Movie Review: Being the Ricardos

In Aaron Sorkin's film, Hollywood's most famous couple provide more than enough scandal for an enjoyable drama.


On a dozen occasions in “Being the Ricardos,” a character says some version of this phrase: “Here’s what you have to understand.”

Some of those explanations occur to camera in faux interviews, as fictionalized versions of behind-the-scenes Hollywood bigwigs reflect on the world of Lucille Ball and Desi Arnaz. Other “have to understand” invocations occur backstage at “I Love Lucy,” as someone attempts to clarify the swirling ecosystem around one of history’s most significant television shows.

So why are we repeatedly encouraged to understand? Because of the wide gulf between appearance and reality. On television, Lucy and Ricky were all pollyanna and hijinks; behind the scenes, there was fighting, infidelity, booze and more booze. In appearance, “I Love Lucy” was a breeze, a vaudeville-inspired stage play of light quips and funny performers; behind the scenes, it was anything but easy, with competing egos and corporate pressures.

That’s what you have to understand: Reality is a lot darker than it looks on the screen.

Written and directed by Aaron Sorkin — who is now firmly in a comfortable-if-not-daring latter period — “Being the Ricardos” lumps a number of key events in the lives of Ball (Nicole Kidman) and Arnaz (Javier Bardem) into one tumultuous week. Ball’s youthful politics are swept to the headlines, as the House Un-American Activities Committee searches for communists in Hollywood. Arnaz denies reports of an affair. The couple spars with sponsors over their desire to write Ball’s real-life pregnancy into the show.

Meanwhile, the writers, including a sparkling Alia Shawkat, vie for jokes — Lucy doesn’t like a hokey set-up at the beginning of an episode — while Vivian Vance (Nina Arianda) and William Frawley (J.K. Simmons) continue their lifelong feud.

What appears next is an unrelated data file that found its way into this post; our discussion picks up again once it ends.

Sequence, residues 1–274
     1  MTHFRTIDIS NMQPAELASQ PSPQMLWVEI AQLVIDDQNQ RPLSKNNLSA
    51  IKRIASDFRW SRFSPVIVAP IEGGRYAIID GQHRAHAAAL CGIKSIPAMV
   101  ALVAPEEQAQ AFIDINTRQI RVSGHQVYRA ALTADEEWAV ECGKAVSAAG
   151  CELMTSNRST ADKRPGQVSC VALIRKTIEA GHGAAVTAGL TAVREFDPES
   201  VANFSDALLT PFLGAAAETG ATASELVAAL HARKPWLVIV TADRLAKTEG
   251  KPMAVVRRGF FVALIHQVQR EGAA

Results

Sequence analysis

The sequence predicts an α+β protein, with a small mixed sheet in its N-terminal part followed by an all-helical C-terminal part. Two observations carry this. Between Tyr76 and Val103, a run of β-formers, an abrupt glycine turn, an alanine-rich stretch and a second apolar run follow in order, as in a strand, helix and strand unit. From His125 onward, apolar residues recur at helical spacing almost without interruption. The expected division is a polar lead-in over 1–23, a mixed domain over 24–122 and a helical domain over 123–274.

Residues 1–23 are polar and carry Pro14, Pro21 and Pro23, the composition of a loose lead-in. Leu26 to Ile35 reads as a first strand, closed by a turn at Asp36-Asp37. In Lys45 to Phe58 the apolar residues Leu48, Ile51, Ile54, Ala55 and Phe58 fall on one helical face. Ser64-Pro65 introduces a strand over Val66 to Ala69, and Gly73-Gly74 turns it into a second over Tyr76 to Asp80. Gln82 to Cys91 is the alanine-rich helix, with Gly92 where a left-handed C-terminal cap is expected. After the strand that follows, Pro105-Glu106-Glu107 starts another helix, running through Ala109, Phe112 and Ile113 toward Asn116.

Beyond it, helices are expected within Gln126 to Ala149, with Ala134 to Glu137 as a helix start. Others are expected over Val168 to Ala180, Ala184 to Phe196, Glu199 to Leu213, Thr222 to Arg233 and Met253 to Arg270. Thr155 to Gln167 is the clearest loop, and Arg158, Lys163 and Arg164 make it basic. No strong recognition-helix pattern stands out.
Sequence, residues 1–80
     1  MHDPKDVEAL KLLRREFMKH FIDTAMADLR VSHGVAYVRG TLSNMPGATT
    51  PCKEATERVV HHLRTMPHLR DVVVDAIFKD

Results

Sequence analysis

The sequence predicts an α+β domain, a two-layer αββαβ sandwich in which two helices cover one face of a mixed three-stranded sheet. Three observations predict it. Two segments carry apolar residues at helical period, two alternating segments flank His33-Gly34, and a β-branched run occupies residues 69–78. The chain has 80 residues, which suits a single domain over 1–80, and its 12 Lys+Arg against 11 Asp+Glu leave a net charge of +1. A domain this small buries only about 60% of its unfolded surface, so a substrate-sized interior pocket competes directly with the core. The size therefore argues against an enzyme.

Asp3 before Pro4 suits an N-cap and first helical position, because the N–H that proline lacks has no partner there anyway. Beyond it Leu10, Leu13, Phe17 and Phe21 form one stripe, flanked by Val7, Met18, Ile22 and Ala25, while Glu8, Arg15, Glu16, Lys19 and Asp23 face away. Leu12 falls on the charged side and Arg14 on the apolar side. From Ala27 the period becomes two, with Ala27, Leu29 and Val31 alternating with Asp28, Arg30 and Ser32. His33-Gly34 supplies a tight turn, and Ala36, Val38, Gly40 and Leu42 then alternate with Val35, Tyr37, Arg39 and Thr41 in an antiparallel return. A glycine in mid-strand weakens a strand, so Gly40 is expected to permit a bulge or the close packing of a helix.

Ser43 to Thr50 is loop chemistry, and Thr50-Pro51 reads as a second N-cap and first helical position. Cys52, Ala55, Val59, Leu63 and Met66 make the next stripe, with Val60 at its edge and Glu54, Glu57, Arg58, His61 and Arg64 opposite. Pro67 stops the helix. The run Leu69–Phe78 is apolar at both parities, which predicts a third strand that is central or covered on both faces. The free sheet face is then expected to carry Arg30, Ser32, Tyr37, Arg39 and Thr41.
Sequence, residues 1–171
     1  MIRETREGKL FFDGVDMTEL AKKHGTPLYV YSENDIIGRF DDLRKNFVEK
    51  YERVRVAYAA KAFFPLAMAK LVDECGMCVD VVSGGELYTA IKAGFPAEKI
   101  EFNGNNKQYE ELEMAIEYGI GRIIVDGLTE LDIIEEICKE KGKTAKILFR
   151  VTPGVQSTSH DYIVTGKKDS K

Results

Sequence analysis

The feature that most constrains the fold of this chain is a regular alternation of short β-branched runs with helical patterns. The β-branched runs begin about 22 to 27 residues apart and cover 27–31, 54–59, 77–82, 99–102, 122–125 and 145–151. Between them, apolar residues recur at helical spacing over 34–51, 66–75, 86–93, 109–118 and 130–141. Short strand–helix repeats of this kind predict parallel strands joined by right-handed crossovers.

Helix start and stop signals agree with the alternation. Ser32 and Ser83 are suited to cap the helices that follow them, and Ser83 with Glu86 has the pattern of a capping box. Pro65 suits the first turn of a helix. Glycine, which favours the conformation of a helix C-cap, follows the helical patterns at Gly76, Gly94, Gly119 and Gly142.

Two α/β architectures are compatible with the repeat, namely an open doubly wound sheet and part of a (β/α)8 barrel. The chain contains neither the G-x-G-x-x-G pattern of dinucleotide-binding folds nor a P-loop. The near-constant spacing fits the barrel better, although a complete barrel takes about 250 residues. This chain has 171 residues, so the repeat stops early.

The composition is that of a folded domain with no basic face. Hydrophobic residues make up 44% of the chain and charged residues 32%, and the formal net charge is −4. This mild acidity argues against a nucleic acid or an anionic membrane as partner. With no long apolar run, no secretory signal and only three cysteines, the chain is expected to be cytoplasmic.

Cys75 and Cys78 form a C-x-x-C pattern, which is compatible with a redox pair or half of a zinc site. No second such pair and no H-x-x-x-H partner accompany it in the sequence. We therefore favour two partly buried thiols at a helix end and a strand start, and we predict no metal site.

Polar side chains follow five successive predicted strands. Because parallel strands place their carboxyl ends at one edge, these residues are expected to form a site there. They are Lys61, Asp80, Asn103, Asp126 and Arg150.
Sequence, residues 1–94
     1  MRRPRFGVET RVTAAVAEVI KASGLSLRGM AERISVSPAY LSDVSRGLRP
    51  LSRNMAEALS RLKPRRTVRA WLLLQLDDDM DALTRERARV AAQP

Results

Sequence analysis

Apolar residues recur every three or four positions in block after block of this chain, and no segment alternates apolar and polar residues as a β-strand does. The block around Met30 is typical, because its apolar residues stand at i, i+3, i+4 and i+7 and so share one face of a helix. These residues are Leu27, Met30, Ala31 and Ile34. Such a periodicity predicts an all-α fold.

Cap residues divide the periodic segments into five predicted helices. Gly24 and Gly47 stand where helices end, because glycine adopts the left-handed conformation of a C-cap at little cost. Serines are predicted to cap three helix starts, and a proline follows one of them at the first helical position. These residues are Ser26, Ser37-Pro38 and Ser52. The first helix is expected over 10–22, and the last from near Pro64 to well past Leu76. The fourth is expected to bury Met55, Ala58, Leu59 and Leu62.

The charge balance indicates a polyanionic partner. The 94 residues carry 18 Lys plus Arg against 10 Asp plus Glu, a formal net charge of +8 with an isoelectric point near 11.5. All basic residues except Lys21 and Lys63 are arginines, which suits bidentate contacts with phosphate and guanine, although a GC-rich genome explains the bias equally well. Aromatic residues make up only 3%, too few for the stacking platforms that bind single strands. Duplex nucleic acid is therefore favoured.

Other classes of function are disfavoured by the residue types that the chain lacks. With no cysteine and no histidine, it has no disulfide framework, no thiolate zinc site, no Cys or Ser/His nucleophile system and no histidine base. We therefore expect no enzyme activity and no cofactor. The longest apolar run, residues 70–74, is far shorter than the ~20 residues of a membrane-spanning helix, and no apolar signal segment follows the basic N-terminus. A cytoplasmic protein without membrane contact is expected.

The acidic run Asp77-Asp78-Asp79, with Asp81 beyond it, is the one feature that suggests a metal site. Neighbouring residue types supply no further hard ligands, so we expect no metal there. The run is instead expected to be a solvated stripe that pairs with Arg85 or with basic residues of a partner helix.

Sorkin’s script, unsurprisingly, is a masterwork of structure and dialogue. The arguments are fast and furious, the quiet moments are poignant, and the pacing of the film (an area where Sorkin is singularly talented) is impeccable. I’m not convinced that he’s going to blossom into an elite director (he’s only helmed this film, “Molly’s Game” and “The Trial of the Chicago 7,”) but his shortcomings in that area are predictably offset by the strength of his script — and his cast.

In addition to some impressive voice work, Kidman seems to delve just deep enough into Ball’s psyche; less would feel inauthentic, more would feel intrusive. Bardem’s performance is less imitative, but captures Arnaz’s charm and wit. And Simmons hits a bullseye, embodying Frawley’s charms and abrasive qualities with impressive balance.

Will you leave with a full understanding of this mega-famous couple — as the characters and talking heads repeatedly urge you to do? Probably not. They can’t fully be understood; it’s reasonable to wonder if they fully understood themselves. You’ll appreciate the complexity of America’s most famous marriage, though, and gain a little wonder at the people behind the celebrity.

My Rating: 8/10

“Being the Ricardos” is currently playing in select theaters and streaming on Amazon Prime.

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